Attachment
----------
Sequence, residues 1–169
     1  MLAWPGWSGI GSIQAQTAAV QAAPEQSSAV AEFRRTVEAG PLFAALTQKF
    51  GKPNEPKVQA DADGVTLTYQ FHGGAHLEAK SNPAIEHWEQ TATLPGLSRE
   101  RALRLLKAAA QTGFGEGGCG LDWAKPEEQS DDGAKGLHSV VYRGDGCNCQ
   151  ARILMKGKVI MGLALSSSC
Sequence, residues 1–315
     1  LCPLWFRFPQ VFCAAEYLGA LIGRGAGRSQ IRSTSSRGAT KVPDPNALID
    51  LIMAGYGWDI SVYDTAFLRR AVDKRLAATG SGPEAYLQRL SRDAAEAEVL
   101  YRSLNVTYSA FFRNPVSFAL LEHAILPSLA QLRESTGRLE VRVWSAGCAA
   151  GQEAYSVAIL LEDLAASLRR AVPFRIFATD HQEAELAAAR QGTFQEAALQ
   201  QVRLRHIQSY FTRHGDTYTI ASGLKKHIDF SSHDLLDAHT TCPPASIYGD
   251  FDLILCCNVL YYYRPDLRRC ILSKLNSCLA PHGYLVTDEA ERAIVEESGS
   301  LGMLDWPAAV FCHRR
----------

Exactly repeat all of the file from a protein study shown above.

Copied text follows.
Sequence, residues 1–169
     1  MLAWPGWSGI GSIQAQTAAV QAAPEQSSAV AEFRRTVEAG PLFAALTQKF
    51  GKPNEPKVQA DADGVTLTYQ FHGGAHLEAK SNPAIEHWEQ TATLPGLSRE
   101  RALRLLKAAA QTGFGEGGCG LDWAKPEEQS DDGAKGLHSV VYRGDGCNCQ
   151  ARILMKGKVI MGLALSSSC
Sequence, residues 1–315
     1  LCPLWFRFPQ VFCAAEYLGA LIGRGAGRSQ IRSTSSRGAT KVPDPNALID
    51  LIMAGYGWDI SVYDTAFLRR AVDKRLAATG SGPEAYLQRL SRDAAEAEVL
   101  YRSLNVTYSA FFRNPVSFAL LEHAILPSLA QLRESTGRLE VRVWSAGCAA
   151  GQEAYSVAIL LEDLAASLRR AVPFRIFATD HQEAELAAAR QGTFQEAALQ
   201  QVRLRHIQSY FTRHGDTYTI ASGLKKHIDF SSHDLLDAHT TCPPASIYGD
   251  FDLILCCNVL YYYRPDLRRC ILSKLNSCLA PHGYLVTDEA ERAIVEESGS
   301  LGMLDWPAAV FCHRR